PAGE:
E. Dawson Varughese

Chapter 8. This Side, That Side: Restoring Memory, Restorying Partition

In this chapter, we examine how three different graphic narratives from the anthology This Side, That Side: Restorying Partition (2016) contribute to puncturing the silence that has long obscured the violence accompanying the partition of the Indian subcontinent. We argue how these narratives, in their collaborative authoring and through their textual and aesthetic strategies, defy artificial borders to create a new collective memory culture, one that seeks to confront and thus to heal a suppressed social trauma that continues to haunt these nations. Through explorations of genre, narrative voice, and aesthetic representation, we demonstrate how these graphic narratives challenge violence, whether of colonial historiography or postcolonial state policy, and how comics can effectively portray displacement and resistance. The resurrection of old memories and the sharing of traumatic testimonies also build empathetic solidarities that counter the habitual and mutual othering that informs antagonistic national histories, thereby inviting the recognition of shared pasts and hope for shared futures.
A. P. Payal, Rituparna Sengupta

Chapter 9. Visual Detention: Reclaiming Human Rights Through Memory in Leila Abdelrazaq’s Baddawi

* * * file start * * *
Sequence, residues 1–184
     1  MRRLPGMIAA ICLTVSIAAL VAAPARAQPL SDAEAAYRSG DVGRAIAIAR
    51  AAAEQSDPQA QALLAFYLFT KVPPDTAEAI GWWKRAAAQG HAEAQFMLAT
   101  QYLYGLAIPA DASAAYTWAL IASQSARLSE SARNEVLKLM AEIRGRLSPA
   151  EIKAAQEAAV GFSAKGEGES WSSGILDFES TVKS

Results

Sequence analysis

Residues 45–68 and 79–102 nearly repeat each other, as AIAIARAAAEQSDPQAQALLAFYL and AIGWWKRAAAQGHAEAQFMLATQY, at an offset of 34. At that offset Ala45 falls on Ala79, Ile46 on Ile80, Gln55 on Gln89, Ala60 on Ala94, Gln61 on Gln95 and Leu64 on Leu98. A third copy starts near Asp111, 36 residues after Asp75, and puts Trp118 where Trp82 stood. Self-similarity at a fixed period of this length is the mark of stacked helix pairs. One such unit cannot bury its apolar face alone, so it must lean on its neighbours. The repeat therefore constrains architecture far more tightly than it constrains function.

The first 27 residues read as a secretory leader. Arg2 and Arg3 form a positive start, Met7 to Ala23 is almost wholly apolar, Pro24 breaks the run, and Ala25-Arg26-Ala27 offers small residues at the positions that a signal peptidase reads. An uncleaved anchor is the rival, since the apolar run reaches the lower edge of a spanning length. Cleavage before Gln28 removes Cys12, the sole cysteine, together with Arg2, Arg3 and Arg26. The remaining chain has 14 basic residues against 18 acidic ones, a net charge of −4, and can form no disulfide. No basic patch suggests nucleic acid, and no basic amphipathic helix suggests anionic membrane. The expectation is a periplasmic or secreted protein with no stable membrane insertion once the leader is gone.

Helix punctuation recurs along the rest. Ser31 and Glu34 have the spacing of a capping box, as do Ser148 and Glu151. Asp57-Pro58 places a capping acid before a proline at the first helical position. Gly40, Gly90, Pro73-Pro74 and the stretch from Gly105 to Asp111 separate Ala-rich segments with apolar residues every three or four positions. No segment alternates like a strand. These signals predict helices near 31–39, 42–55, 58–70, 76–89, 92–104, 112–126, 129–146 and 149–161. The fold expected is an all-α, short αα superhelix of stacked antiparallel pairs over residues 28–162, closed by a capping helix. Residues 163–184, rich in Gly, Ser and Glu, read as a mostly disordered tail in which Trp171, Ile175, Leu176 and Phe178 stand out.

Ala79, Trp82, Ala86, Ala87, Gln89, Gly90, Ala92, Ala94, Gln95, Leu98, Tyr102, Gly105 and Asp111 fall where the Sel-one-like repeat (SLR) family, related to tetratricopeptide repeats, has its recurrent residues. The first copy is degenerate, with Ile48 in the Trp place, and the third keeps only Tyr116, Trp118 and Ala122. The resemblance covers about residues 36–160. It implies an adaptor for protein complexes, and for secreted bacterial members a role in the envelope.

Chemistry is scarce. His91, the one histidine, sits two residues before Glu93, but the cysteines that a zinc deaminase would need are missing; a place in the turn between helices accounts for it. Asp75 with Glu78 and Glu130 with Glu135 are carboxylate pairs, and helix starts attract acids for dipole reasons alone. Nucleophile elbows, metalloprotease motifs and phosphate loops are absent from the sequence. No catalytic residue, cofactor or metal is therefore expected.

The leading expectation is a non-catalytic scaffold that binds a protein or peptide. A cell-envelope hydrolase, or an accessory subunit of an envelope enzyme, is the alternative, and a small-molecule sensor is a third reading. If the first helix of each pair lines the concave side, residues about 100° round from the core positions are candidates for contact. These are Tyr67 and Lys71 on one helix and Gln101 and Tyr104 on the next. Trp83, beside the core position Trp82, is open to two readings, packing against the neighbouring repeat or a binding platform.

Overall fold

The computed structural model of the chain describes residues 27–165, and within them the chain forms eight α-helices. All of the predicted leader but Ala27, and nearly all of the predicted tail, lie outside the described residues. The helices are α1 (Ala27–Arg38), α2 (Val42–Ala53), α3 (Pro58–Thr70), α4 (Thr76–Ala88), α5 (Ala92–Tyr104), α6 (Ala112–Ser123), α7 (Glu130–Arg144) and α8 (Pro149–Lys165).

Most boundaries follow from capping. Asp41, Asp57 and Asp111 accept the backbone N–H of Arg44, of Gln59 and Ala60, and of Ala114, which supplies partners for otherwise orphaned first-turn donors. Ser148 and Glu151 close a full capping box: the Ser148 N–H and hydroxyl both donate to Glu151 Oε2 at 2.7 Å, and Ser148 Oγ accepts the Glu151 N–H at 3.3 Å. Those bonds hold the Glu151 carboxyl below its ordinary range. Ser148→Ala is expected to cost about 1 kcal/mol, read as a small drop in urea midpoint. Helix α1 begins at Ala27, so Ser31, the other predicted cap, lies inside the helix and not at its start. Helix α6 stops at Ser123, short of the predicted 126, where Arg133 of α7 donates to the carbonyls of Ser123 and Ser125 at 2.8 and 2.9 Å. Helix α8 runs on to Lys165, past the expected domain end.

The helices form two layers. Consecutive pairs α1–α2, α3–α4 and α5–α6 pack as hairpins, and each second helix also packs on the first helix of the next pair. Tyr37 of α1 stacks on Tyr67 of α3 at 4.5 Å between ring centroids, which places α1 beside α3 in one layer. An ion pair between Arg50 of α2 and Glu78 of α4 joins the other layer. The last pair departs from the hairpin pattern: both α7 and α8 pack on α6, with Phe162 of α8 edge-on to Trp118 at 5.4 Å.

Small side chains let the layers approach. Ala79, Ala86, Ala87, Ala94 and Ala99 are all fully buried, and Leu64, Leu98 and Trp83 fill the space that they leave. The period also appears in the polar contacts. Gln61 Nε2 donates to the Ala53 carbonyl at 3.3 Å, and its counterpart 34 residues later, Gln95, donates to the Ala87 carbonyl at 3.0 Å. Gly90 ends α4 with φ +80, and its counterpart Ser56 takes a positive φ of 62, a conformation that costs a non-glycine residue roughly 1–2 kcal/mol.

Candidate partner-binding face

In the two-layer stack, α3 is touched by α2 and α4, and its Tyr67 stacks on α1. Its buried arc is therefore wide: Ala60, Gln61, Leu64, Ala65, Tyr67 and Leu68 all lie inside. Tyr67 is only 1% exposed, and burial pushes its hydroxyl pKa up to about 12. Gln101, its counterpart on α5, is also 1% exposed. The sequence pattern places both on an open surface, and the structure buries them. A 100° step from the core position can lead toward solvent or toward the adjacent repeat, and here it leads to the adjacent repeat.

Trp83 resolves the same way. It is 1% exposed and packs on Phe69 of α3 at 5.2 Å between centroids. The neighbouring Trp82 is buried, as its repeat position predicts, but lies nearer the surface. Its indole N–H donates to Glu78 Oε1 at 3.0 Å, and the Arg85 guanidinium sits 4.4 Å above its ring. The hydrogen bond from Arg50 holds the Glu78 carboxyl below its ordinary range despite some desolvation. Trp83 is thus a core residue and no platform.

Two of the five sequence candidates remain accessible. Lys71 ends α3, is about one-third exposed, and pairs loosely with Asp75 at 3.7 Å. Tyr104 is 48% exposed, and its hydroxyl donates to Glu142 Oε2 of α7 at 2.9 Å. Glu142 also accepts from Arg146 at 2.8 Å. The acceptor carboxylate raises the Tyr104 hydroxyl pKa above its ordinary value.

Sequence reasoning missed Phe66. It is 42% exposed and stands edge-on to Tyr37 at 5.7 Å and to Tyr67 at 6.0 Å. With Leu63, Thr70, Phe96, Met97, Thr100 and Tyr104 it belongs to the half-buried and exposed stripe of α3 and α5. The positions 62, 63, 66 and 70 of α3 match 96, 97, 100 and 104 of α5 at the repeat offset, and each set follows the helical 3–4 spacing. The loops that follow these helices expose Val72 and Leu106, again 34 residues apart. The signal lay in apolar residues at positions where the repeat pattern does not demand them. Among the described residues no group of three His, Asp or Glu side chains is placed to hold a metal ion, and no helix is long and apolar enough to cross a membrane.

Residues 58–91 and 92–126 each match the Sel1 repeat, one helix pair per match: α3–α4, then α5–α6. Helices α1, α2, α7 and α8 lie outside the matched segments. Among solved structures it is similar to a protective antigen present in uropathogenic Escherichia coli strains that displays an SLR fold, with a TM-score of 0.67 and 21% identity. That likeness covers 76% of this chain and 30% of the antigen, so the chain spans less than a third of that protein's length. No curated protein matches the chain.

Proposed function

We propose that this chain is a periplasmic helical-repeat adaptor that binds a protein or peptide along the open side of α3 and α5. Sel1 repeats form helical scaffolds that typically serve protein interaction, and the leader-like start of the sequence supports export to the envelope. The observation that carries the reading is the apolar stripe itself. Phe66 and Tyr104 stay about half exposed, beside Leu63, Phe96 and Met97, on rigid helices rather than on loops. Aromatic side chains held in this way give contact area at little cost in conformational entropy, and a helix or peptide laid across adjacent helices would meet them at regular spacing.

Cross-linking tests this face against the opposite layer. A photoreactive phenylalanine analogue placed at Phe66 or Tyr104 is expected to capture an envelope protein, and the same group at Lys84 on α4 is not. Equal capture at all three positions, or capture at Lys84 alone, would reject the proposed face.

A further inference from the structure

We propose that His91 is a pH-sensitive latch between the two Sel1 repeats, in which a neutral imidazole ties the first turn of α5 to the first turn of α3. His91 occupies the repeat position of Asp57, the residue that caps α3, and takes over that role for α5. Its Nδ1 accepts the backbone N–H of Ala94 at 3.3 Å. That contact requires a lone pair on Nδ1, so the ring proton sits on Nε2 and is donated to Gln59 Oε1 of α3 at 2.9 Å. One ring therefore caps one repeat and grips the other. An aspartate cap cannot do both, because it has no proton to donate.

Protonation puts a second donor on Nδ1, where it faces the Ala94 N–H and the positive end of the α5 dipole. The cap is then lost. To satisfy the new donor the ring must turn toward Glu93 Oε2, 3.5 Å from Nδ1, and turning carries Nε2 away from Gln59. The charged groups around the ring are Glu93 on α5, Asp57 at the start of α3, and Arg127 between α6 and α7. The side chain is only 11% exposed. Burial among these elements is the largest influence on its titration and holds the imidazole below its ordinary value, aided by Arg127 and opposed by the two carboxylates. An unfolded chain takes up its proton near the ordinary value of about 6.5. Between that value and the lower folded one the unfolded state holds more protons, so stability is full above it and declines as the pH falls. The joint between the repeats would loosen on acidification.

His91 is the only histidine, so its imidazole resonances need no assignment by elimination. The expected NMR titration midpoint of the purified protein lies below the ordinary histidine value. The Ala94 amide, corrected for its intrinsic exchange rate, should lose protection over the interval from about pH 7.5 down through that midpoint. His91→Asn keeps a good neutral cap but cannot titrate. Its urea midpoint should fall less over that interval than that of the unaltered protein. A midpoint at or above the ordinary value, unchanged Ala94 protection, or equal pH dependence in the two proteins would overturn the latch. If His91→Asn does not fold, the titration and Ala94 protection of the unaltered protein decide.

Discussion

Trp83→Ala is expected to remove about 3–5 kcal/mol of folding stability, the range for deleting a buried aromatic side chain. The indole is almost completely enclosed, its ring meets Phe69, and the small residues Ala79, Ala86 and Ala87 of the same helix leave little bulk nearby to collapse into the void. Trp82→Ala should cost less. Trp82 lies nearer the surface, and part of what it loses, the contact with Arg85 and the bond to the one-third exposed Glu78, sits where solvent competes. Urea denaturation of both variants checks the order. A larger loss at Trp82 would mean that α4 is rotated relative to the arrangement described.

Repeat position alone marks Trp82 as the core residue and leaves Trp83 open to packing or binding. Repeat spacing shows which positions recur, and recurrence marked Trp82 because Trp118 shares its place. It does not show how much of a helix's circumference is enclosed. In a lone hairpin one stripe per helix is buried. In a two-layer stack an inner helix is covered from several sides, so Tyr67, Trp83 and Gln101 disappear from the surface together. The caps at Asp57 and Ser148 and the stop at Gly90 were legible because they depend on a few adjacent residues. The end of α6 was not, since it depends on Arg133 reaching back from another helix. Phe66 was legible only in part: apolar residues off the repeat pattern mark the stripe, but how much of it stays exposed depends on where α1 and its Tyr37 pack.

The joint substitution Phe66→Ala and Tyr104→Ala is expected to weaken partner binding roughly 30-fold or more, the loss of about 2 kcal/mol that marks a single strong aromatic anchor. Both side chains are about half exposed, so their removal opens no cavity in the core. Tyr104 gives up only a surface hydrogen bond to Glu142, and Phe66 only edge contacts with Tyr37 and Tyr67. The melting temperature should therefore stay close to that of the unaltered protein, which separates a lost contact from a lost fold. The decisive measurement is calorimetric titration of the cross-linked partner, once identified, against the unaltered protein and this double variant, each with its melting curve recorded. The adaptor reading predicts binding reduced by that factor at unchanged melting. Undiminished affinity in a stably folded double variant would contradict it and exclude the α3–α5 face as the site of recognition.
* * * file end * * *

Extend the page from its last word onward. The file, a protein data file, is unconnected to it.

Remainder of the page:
It is commonly assumed that comics are uniquely able to facilitate ethical engagement and empathetic reading practices through a collaborative meaning-making process. This chapter reads Leila Abdelrazaq’s comic Baddawi to challenge this celebratory claim, showing how it is particularly precarious in relation to non-fiction comics that deal with issues of conflict, violence, and human rights—or what Sidonie Smith calls ‘crisis comics’. Such readings have shifted critical discussions from the subject matter of the comics to readers’ ability to see and recognize the subjects on the page as human. In considering Baddawi’s relationship to contested history and its mobilization of the medium’s inherent visuality, I argue that Abdelrazaq breaks away from other ‘crisis comics’ by granting her subjects what Nicholas Mirzoeff describes as the ‘right to look’. By emphasizing the way in which history collides with the individual and shapes their autonomy as a subject, Abdelrazaq uses the medium to assert a fundamental right to exist and a right to narrate the experience of the lives of the dispossessed—in her case, Palestinian refugees.